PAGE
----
**** ****** ***** It's just going to be worse in the long run :rolleyes:

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No WAY is the change in house prices coming to 0% so quickly!! This is unbelievable. :(

Maybe we're all buggered... maybe we'll have to wait another decade.

It's like the old boys network... if you're in , you want to keep playing the game. How can people be so deluded and selfish - can't they see high prices are a bad thing?

Edited by thomasross20

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Guest DissipatedYouthIsValuable

The question is though, how long is it going to take? How long are peoples/families lives put on hold?

For some people who thought it was about to be all over, it must be bloody gut wrenching!

Not really, it's quite handy not owning a house.

We're not bothering until we can pay for it outright now.

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I don't understand how they can be back to 2008 levels anyway... I thought prices were still falling, just at a slower rate!?

Admittedly, I haven't read the entire article, I have work to do..

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Where are mortgage approval rates back to? Something has to give and I doubt it will be a return to 125% liar loans, no matter how much the government and various VI's want it.

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No WAY is the change in house prices coming to 0% so quickly!! This is unbelievable. :(

Maybe we're all buggered... maybe we'll have to wait another decade.

It's like the old boys network... if you're in , you want to keep playing the game. How can people be so deluded and selfish - can't they see high prices are a bad thing?

Do you know the 'Tale of the two bulls' at the top of a hill?

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Guest Dizzy Rash Call

http://news.bbc.co.u...ess/8286028.stm

**** ****** ***** It's just going to be worse in the long run :rolleyes:

The question is though, how long is it going to take? How long are peoples/families lives put on hold?

For some people who thought it was about to be all over, it must be bloody gut wrenching!

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The question is though, how long is it going to take? How long are peoples/families lives put on hold?

For some people who thought it was about to be all over, it must be bloody gut wrenching!

****** it. Not worth getting that worried about renting for longer, even permanently if it stays the sensible choice and maybe your children can buy. I am far happier in that position than if i was the proud owner of a whacking great mortgage at this point. We are going to drop off a cliff fairly soon i'm feeling sure.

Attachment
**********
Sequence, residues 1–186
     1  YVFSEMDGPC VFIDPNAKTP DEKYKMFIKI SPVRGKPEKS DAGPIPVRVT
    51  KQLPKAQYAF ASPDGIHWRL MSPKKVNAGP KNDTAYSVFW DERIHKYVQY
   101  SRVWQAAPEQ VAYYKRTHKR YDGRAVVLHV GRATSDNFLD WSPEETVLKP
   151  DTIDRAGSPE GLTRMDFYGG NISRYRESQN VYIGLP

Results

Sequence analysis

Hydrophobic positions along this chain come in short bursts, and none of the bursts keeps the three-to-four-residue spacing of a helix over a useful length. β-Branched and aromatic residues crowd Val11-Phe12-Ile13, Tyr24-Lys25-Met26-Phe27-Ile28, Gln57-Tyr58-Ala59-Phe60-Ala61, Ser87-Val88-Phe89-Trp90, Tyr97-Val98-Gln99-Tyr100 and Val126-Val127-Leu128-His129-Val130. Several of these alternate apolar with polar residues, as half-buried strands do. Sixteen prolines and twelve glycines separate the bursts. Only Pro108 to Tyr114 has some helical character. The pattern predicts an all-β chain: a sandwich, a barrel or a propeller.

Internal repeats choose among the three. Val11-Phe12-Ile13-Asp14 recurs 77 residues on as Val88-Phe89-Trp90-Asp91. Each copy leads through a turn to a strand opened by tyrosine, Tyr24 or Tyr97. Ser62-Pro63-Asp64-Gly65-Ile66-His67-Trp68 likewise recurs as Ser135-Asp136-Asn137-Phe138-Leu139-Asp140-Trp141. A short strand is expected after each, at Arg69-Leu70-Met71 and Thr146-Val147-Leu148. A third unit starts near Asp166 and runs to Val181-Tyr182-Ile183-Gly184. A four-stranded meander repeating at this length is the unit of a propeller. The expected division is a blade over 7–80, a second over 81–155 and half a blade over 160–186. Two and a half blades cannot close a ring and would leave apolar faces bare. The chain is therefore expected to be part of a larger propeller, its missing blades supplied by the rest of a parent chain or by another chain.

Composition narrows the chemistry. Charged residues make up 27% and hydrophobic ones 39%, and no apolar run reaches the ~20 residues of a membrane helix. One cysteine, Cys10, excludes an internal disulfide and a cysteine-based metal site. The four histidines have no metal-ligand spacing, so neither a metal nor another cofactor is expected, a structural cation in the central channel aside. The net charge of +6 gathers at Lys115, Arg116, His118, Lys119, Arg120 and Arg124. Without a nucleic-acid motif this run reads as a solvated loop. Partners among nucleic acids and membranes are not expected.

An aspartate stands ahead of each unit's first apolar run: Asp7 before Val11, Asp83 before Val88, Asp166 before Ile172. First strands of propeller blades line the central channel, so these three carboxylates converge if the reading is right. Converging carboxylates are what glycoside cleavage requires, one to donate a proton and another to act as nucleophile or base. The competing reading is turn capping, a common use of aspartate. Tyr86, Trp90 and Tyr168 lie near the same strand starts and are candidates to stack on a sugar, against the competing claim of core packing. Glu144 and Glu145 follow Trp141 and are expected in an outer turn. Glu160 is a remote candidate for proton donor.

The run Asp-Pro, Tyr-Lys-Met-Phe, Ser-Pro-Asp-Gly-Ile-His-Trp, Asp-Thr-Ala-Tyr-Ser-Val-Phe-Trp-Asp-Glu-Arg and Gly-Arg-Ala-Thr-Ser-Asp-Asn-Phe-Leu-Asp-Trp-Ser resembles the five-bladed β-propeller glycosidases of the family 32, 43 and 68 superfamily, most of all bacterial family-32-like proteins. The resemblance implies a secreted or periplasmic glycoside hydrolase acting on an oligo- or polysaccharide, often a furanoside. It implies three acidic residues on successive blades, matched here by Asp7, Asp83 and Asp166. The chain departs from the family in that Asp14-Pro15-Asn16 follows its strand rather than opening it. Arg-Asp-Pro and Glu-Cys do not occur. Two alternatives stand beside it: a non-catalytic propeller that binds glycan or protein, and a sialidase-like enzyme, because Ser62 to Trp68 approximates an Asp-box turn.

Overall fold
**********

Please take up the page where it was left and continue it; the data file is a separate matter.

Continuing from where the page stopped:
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90% Mortgages are available for FTBs @ rates of 5.99% now

Interestingly about the same sort of deal you would have got 10 or 11 years ago before HPI went silly. The mortgage market is loosening, approvals are rising, the signs are there for those that will see them, the next crash, and it will probably be a big one is due in about 2019

Or maybe not

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those bbc charts are awful, impossible to read, even if you're fairly educated/clever, so goodness knows what the ignorant masses must make of them.

why can't they just show the price?

and what does "2008 prices" mean? 2008 was, by far, the worst year for house prices on record. The beginning and the end of 2008 were miles apart.

the bare facts are that:

(1) halifax says we're back to december 08 prices, i.e. a little less than 20% from peak; and

(2) NW says that we're back to , what, well, obviously september 08 prices, i.e. a little less than 15% from peak.

the BBC numbers are hopelessly confusing.

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We're not bothering until we can pay for it outright now.

same here now, i'll keep putting money aside until house prices come down or the savings go up to meet. but by then i don't know if i'd want to sink all my money into a house anyway. a rented roof is still a roof, only difference is a renter doesn't have to pay to repair it

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No WAY is the change in house prices coming to 0% so quickly!! This is unbelievable. :(

Maybe we're all buggered... maybe we'll have to wait another decade.

It's like the old boys network... if you're in , you want to keep playing the game. How can people be so deluded and selfish - can't they see high prices are a bad thing?